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Busting Myths and Proving Gut Feelings with HR Reporting

Every successful business needs a good HR reporting tool in order to deliver value from employee data.  HR reporting helps businesses understand their employee cost base, aids HR leaders and business managers in making strategic decisions to support the organisation, and demonstrates the benefits that HR activities bring to the firm.

Another important use of HR reporting is busting myths and proving gut feelings

There are many potential myths or ‘gut feelings’ that may be circulating around a business that can indirectly affect HR processes.  For example, let’s say someone in a recruitment firm mentions during a lunch meeting that people who play sports are better at placing candidates in the contract market than people who don’t play sports.  Even though this statement is an assumption with no actual data to prove it right or wrong, the organisation inadvertently starts to reject candidates that don’t play sports.

Whether it be a myth or gut feeling, if there’s no data to back it up, it remains unproven with a possible impact to your business.  The good thing is that HR reporting has the power to bust myths and prove gut feelings so you can rest assured your business is on the right track, and secure backup and stakeholder buy in to put everyone on the same page.

To start busting myths and proving gut feelings in your business, you first need to know what you think your problem is (or what you want to prove) so you can determine whether you have the right data, are putting the right data into your system, or need to collect more/different data.

A practical application example: Busting moves and proving gut feelings with HR reporting

The situation

Company Z believes that they’ve got a terrible problem with people leaving their company.  However, when you look at their HR system, the only thing it tells you about leavers is that they’ve left, with no reason given.


The first step in proving this gut feeling is to start putting some reasons into the HR system that address why people leave, so as to start generating some meaningful reports.  Choose perhaps ten reasons, and begin to the collect data.

In this situation, it’s important to look at both voluntary and involuntary reasons.  If it’s involuntary, is the termination disciplinary or a performance issue?  If not, is it a company-wide business decision that resulted in a lot of redundancies?  If it was voluntary, was there a manager problem, did the person retire, or perhaps they weren’t paid enough?  The reasons chosen will ultimately tell you what actions will be required.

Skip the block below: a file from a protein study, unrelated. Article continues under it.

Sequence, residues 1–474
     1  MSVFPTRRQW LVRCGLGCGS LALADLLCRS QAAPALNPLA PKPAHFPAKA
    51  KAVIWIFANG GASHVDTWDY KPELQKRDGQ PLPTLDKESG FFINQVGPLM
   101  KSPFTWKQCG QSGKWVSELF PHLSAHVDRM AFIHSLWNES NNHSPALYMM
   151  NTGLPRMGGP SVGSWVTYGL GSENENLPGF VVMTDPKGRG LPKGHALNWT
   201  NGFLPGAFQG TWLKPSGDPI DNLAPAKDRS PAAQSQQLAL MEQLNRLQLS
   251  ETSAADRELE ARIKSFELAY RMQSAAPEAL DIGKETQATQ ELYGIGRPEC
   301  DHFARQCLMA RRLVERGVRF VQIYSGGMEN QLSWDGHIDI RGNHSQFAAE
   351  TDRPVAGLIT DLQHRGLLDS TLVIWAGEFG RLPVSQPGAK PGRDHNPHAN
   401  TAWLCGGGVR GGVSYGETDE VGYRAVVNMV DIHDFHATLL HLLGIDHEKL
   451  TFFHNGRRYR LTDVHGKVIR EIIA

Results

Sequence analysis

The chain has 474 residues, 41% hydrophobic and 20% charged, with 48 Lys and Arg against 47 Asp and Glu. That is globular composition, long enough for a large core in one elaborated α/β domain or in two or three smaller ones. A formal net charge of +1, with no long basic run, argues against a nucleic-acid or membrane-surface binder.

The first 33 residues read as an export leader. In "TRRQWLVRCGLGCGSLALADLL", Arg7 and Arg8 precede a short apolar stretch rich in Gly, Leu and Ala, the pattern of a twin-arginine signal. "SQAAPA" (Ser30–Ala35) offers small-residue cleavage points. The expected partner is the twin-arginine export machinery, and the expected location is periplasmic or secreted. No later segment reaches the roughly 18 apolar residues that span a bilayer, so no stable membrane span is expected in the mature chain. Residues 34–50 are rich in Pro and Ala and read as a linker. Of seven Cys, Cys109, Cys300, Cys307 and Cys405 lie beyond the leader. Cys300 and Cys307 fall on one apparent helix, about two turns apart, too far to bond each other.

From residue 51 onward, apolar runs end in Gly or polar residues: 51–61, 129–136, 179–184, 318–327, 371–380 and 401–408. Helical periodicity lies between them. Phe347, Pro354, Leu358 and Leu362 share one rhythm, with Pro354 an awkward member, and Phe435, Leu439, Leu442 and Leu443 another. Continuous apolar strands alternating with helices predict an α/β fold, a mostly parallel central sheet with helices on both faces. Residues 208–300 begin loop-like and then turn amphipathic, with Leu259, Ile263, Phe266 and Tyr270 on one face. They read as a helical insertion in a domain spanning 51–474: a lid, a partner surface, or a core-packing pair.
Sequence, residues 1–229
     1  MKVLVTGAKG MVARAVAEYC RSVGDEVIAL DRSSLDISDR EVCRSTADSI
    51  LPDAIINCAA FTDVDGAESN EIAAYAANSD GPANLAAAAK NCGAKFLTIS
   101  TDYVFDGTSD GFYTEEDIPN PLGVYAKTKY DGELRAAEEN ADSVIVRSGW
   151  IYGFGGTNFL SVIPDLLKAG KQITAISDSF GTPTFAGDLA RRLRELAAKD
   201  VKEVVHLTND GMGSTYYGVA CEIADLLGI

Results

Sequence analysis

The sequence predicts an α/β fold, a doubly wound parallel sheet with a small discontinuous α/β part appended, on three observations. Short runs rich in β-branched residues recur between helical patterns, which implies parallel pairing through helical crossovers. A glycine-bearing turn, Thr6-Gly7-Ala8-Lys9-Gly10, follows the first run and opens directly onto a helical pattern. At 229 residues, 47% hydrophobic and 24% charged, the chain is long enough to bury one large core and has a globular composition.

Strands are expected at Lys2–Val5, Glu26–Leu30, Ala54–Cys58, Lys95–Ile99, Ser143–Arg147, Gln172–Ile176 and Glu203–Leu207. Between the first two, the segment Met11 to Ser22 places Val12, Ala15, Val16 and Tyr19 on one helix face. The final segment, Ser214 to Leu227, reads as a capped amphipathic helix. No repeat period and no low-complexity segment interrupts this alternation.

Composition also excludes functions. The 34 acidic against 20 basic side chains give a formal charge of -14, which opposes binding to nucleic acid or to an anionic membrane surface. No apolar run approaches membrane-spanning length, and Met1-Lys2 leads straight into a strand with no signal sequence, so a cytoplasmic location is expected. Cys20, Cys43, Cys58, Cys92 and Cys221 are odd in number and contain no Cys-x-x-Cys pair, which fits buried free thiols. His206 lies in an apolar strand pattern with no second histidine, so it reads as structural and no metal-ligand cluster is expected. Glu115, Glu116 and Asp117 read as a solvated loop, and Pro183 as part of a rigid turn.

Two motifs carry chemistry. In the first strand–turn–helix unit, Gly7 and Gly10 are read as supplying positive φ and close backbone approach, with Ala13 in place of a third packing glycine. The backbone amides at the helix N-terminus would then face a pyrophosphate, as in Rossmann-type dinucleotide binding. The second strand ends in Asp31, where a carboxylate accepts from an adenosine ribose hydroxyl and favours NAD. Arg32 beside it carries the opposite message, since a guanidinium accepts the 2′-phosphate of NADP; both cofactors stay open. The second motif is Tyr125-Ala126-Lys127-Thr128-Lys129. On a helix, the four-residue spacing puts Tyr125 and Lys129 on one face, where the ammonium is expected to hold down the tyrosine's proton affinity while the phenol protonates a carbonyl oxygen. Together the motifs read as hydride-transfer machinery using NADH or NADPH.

It’s worth noting that the person who inputs this information in the system depends on what kind of HR system the company has.  If the business has a brand new cloud-based solution with employee or manager self-service, it’s most likely that direct line managers will be the ones who enter in the information.  If not, whoever manages that part of the system should be tracking the leavers and reasons.

Solution & adjustment

After a few months of tracking reasons for why staff are leaving, Company Z discovered that they indeed had a problem with new employees leaving within the first year, particularly in the area of performance issues.  In response, Company Z further adjusted their leaver reasons and started to collect data on performance issues, such ‘behaviour issues’ and ‘capability or competency issues’.

Finally, after a few more months, Company Z realised that the underlying problem was that there was a capability gap between the new employee and the job at hand.

With the gut feeling now supported by data, Company Z immediately begins to screen candidates with increased rigour, including competency based interviews and conducting a training needs analysis to be able to support the development of the new starters.

And there you have it–the power of HR reporting! This is just one application of how HR reporting can bust myths and prove gut feelings within an organisation.  HR reporting can also be quite useful to other areas of the business, such as marketing, who may be working with HR to drive employee engagement.  With the right data, the possibilities are limitless.

Get in touch to find out more about busting myths and proving gut feelings with HR reporting.


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